In a recent NYT interview, Nick Bostrom — author of Superintelligence and core intellectual architect of effective altruism — defines “alignment” as “ensur[ing] that these increasingly capable A.I. systems we build are aligned with what the people building them are seeking to achieve.”

Who is “we”, and what are “we” seeking to achieve? As of now, “we” is private companies, most notably OpenAI, the one of the first-movers in the AGI space, and Anthropic, which was founded by a cluster of OpenAI alumni.


To be fair, Anthropic has released Claude’s principles to the public, and OpenAI seems to be seeking ways to involve the public in governance decisions. But as it turns out, OpenAI was lobbying for reduced regulation even as they publicly “advocated” for additional governmental involvement; on the other hand, extensive incumbent involvement in designing legislation is a clear path towards regulatory capture. Almost tautologically, OpenAI, Anthropic, and similar startups exist in order to dominate the marketplace of extremely powerful models in the future.


The punchline is this: the pathways to AI x-risk ultimately require a society where relying on — and trusting — algorithms for making consequential decisions is not only commonplace, but encouraged and incentivized. It is precisely this world that the breathless speculation about AI capabilities makes real.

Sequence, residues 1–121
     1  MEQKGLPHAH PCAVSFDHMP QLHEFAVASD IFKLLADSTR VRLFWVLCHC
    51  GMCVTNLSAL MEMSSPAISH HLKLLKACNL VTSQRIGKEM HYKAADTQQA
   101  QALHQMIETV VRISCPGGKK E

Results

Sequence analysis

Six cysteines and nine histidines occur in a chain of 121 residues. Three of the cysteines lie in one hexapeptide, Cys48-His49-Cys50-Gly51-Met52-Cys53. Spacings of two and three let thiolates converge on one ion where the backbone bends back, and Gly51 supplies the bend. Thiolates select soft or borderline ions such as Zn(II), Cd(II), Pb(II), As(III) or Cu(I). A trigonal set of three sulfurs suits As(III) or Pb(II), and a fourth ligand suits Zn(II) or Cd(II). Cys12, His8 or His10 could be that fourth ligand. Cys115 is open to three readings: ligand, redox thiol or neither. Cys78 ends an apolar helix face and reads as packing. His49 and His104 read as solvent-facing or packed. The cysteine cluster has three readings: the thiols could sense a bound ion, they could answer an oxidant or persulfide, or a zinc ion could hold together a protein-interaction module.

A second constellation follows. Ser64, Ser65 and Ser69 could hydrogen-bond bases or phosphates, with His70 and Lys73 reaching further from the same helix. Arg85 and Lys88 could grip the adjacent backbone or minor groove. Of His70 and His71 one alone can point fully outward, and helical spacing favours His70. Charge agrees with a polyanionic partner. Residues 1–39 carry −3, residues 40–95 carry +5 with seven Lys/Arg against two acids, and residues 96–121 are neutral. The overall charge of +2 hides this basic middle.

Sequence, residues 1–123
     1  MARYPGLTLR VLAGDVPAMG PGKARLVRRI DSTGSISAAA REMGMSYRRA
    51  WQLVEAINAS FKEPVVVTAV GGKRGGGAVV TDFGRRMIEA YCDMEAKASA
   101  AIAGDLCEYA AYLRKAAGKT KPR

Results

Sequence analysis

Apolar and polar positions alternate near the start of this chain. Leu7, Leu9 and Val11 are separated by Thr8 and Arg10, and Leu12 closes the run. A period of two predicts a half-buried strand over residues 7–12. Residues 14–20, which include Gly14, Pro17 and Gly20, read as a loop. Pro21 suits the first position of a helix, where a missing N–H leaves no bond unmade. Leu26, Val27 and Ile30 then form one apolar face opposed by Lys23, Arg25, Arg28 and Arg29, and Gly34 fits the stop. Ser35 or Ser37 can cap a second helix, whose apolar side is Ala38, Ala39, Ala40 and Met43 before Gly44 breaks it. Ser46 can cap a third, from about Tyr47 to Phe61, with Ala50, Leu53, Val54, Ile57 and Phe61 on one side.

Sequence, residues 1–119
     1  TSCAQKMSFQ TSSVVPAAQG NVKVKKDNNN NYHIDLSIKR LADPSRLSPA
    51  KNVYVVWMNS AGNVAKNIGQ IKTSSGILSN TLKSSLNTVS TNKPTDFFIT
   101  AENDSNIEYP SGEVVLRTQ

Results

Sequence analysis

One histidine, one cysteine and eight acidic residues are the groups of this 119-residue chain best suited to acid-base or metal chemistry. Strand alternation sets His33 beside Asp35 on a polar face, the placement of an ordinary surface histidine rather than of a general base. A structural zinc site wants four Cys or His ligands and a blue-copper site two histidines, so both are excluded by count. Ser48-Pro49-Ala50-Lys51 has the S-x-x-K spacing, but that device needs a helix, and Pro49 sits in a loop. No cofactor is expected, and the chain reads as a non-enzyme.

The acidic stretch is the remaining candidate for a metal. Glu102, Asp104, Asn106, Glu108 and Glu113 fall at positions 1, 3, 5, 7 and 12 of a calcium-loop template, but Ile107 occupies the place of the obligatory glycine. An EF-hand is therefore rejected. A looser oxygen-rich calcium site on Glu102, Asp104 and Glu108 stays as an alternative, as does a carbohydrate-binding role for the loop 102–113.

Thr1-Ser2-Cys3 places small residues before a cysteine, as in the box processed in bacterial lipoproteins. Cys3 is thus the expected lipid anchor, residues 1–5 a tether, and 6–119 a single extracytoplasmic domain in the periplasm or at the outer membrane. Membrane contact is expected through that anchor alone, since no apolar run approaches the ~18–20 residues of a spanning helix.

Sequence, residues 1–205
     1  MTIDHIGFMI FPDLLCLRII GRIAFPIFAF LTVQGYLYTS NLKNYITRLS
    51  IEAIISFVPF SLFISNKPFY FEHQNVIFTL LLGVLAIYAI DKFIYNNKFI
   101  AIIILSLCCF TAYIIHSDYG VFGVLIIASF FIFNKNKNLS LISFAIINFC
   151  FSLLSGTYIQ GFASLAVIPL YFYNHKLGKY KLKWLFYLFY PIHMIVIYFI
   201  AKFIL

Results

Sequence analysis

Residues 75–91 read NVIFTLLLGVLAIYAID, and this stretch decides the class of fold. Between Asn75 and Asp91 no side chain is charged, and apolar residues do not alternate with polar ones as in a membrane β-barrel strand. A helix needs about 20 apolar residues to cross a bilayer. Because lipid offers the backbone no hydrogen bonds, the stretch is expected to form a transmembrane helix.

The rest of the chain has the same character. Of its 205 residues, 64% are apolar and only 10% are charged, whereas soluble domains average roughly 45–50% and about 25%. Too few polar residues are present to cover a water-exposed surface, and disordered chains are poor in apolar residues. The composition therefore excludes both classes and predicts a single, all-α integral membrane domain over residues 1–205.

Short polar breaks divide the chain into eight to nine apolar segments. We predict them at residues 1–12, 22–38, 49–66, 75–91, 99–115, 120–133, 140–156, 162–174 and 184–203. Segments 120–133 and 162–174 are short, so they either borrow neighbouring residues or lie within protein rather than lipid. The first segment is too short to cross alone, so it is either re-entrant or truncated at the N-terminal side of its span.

The emphasis on AI capabilities — the claim that “AI might kill us all if it becomes too powerful” — is a rhetorical sleight-of-hand that ignores all of the other if conditions embedded in that sentence: if we decide to outsource reasoning about consequential decisions — about policy, business strategy, or individual lives — to algorithms. If we decide to give AI systems direct access to resources, and the power and agency to affect the allocation of those resources — the power grid, utilities, computation. All of the AI x-risk scenarios involve a world where we have decided to abdicate responsibility to an algorithm.

Source: The Artificiality of Alignment | Reboot